Private Equity Investment Basics. Unlike business owners, private equity investors love debt. Debt is cheap because it is relatively lower risk. Debt solutions are completed much faster and with less effort than selling shares and are ideal for a business model based on quick and opportunistic acquisitions. Debt increases cash available to make acquisitions and pay salaries. More debt means sharing profits with fewer investors.
Company Value Basics. In general, bigger means more valuable. That’s because outside investors perceive the bigger the company, the lower the risk and the greater the opportunity. Investors pay a premium for one larger company that consolidates individual smaller companies. Simply put, a smaller company increases in value immediately after a larger company acquires it.
Business Acquisition Basics. Most acquisitions use a formula based on a multiple of something called EBITDA, which stands for Earnings Before Interest and Taxes with Debt Added back. EBITDA reflects the amount of cash a business generates from operations. As you’ve likely heard, “cash is king.” Larger size and lower risk increase the multiple; therefore, private equity creates value with an acquisition almost immediately.
Why it Works
Given these basics, here is the essence of how private equity uses creative financial packaging plus strategic leverage to create value for investors and themselves.
1. EBITDA Multiple Equals Immediate Value
Example: Private equity acquires five individual roofing companies generating $20 million in revenues, 15% EBITDA, acquired at a multiple of five and net worth that is 35% of sales. Consolidated, the company now has $100 million in revenues, $15 million EBITDA, a balance sheet net worth of $35 million and acquired for $75 million. Due to scale, the consolidated business value is now eight times EBITDA and, therefore, $120 million in market value versus the $75 million paid for acquisition; value creation is $45 million! Investors are ecstatic and ask private equity to “find me more opportunities to invest!”
2. Restructure Investment on the Balance Sheet
Using the above example: Adding the individual acquired balance sheet net worth is $35 million, or 35% of sales. Private equity might suck out $25 million in cash by replacing the net worth with debt when consolidated into a single balance sheet. By extracting $25 million in cash, private equity firms cover 33% of the cash needed for the $75 million in total acquisition costs.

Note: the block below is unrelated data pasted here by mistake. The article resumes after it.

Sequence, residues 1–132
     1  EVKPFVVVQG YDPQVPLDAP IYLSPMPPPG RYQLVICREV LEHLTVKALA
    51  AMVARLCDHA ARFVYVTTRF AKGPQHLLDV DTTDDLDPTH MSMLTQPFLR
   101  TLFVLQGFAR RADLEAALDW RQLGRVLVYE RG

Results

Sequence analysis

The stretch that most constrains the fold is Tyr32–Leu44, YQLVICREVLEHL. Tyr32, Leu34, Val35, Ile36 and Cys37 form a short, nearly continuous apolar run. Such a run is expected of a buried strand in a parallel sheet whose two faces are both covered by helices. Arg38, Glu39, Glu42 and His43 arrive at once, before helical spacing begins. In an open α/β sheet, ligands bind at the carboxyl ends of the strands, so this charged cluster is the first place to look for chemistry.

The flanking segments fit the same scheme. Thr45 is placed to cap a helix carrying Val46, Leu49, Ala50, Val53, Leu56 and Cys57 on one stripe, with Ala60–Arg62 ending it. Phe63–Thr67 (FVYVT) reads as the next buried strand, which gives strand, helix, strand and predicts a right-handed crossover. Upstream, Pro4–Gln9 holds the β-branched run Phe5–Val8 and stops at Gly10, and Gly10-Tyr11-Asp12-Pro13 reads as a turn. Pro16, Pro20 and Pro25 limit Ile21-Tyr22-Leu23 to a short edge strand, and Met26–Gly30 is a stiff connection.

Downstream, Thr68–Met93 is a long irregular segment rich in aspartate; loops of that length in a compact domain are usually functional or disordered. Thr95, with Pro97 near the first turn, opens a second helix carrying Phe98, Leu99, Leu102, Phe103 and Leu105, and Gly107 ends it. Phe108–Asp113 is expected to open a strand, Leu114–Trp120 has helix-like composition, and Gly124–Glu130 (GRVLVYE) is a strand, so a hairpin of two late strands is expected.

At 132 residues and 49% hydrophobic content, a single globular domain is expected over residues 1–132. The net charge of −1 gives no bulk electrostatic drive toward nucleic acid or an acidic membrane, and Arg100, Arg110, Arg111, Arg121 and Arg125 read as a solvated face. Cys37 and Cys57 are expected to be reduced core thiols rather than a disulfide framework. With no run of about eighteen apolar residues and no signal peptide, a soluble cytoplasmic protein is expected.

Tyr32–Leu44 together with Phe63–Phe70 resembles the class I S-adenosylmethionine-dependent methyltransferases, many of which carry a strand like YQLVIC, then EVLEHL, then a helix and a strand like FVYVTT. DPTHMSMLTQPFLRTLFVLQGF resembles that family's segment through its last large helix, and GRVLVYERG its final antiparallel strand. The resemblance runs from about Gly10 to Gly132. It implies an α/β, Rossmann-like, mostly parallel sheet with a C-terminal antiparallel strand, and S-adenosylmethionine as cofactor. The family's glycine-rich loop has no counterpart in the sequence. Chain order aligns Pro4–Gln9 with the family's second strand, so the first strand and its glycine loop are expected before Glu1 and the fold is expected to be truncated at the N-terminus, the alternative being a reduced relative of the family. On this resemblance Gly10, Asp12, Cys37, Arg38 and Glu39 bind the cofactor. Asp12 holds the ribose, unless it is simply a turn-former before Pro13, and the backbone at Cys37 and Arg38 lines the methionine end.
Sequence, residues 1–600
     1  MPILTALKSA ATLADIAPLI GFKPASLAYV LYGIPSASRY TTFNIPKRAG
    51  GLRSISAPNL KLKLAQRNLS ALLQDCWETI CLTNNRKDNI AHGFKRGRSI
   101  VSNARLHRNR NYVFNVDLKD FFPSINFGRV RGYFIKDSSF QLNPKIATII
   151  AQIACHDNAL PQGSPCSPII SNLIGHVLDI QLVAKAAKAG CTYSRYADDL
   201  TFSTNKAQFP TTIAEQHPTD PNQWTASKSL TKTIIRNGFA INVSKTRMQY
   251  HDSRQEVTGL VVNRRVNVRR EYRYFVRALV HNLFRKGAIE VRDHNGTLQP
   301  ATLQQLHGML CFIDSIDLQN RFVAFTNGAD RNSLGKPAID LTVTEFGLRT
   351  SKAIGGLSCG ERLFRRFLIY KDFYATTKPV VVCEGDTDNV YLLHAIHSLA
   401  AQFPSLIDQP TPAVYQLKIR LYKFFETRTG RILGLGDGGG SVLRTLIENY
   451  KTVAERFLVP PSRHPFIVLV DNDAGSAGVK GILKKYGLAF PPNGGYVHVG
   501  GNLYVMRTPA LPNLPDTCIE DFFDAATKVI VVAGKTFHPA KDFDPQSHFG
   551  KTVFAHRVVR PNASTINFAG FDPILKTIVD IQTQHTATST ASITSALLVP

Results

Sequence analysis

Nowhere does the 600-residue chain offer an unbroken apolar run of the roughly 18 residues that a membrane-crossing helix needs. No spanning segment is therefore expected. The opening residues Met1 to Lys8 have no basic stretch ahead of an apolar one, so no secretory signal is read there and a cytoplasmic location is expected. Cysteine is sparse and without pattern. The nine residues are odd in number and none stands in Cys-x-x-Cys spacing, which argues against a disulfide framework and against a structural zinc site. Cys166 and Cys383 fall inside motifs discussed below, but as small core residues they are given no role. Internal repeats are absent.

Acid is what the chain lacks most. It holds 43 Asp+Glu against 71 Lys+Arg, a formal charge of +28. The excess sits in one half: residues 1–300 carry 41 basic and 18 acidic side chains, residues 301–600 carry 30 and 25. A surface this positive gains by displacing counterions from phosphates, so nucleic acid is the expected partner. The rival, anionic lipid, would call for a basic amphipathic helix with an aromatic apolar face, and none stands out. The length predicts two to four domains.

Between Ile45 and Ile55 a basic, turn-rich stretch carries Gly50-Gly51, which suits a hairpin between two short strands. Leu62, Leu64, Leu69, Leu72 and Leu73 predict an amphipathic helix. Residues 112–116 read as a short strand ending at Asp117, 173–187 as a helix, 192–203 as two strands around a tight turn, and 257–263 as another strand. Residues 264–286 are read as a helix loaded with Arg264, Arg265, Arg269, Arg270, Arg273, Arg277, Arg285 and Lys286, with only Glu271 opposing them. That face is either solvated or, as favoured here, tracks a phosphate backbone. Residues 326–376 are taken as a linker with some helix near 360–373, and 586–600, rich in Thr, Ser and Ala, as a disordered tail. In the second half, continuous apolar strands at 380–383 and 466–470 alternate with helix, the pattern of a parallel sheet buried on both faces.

3. Revalue Assets, Financed with Loans
Owners depreciate assets aggressively to avoid tax burden. As a result, the actual value of the assets is often significantly more than reflected on the balance sheet. When private equity acquires a company, investors restate the assets on their consolidated balance sheet to a much higher fair market value and borrow against those assets to generate even more cash.
4. Increase Profits by Leveraging Consolidated Resources
Private equity reduces expenses by combining operating services:
- One HR department
- One IT team and software platform
- One finance and accounting group
Many also share large, expensive equipment across divisions and can shift crews to where business opportunity exists.
5. Increase Opportunities by Leveraging Relationships
A consolidated business can increase market share by expanding service to existing clients in a wider geographic region it now serves. Also, thanks to substantially increased resource capabilities, the consolidated business can bid on opportunities that an individual, less capitalized company couldn’t otherwise consider. Investments in business development are more cost-effective. Also, Private Equity accesses their trusted relationships that influence roofing installation and service decisions.
While focused on learning about the roofing industry on the show floor, investors are also taking a broad approach to the overall experience. That includes looking out for those top-tier roofing contractors and starting conversations that could lead to cultivating business opportunities.
Grech said an industry-wide event like the IRE offers investors a way to evaluate what they can add to roofing’s evolution.
“We’re looking forward to learning more about the problems facing the industry — for contractors, distributors, manufacturers, and other stakeholders — and the innovative things groups are doing to address those issues,” Grech explained. “Our overall approach is to find ways to help scale these innovative solutions, hopefully, in turn benefitting everyone involved.”